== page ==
Tip 2: Build a robust onboarding process
First impressions are everything – especially in business – and particularly for new employees. A great and lasting first impression could just be the difference between a successful working relationship with longevity, and a short-lived, disappointing professional experience.
It’s important to note that the impression you give off to your new hire goes beyond their first day though, as research has found that 31% of workers tend to leave their job within the first 6 months. So, to improve retention and recruitment at your organisation, a well thought through onboarding process is critical. Scheduling meet and greets with different teams, putting regular and open conversations with managers and peers in place, sending supplies of content to introduce the organisation, a team social or meal out, are all great places to start.
A well-structured onboarding process comes as a sign that your organisation wants to get the best out of its teams, making employees feel more welcomed and valued. This will help new individuals become more easily settled in their role, encouraging them to stay, and therefore reducing the amount of money and time spent on hiring new people.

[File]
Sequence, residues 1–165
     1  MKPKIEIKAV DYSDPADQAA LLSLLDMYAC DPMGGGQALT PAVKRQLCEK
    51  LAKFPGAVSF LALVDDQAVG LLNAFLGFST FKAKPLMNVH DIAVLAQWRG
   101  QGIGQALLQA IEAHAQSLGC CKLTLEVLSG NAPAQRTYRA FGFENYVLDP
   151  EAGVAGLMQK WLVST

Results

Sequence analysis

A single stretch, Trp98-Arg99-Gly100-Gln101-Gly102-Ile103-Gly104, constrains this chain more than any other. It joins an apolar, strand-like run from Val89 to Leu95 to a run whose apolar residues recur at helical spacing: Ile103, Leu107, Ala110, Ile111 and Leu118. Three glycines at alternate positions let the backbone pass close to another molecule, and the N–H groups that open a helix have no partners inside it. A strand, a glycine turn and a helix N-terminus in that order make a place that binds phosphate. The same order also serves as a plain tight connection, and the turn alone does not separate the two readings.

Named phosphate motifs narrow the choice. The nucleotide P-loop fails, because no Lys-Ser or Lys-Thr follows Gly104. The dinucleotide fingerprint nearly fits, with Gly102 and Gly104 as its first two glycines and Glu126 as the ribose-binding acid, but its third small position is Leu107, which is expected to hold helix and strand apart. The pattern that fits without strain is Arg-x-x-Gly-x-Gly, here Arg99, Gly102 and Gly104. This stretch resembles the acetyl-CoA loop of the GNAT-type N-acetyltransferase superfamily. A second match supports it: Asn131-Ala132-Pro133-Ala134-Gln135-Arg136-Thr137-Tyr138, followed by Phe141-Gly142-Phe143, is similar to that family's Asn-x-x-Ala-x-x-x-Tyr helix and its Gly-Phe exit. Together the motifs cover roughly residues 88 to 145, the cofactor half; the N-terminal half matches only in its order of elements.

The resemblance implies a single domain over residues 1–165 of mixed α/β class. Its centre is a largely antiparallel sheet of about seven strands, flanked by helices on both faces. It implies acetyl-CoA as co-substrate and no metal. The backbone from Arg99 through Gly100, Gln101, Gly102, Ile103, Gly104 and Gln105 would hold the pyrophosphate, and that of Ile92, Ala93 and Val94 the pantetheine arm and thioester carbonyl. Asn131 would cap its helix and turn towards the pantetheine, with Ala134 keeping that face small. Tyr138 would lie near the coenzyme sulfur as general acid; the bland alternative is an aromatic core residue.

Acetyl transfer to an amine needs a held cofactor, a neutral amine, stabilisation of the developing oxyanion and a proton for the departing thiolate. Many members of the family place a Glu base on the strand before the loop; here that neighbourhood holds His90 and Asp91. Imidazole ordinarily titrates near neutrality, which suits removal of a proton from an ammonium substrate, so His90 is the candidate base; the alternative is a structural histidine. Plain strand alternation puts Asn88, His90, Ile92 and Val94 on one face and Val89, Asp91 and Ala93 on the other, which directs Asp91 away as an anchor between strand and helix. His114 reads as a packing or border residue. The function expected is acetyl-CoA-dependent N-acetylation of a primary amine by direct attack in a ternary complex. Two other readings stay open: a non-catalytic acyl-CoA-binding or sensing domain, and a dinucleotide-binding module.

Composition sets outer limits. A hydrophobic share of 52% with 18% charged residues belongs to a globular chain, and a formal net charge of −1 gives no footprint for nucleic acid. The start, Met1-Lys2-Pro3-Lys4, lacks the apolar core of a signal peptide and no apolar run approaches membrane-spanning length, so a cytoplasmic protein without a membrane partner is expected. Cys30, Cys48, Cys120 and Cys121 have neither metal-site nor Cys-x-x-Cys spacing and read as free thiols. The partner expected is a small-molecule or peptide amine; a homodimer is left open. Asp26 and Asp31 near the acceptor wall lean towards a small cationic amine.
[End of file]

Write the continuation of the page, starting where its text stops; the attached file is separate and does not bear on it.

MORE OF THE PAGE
Tip 3: Set teams up for success
To get the most out of your employees, they need to have the right equipment and processes in place to perform well and remain satisfied in their role. Employees that are held back by absent, poor-quality equipment will be less productive. And, they will perform at a decreased level, fundamentally setting up for failure. Imagine walking into the hospital to see outdated equipment from the 1980’s – you would turn around and leave! The same goes for in the workplace.
It’s also important to remember that setting your teams up for success doesn’t just mean through material items like tools and software – it includes people too! Does everybody at your organisation have someone that they can go to for support? Are training opportunities provided for each employee as and when needed? Having the top of the range equipment or ensuring the latest updates are installed is one thing, but if the people within your organisation aren’t supporting this, it will cause issues.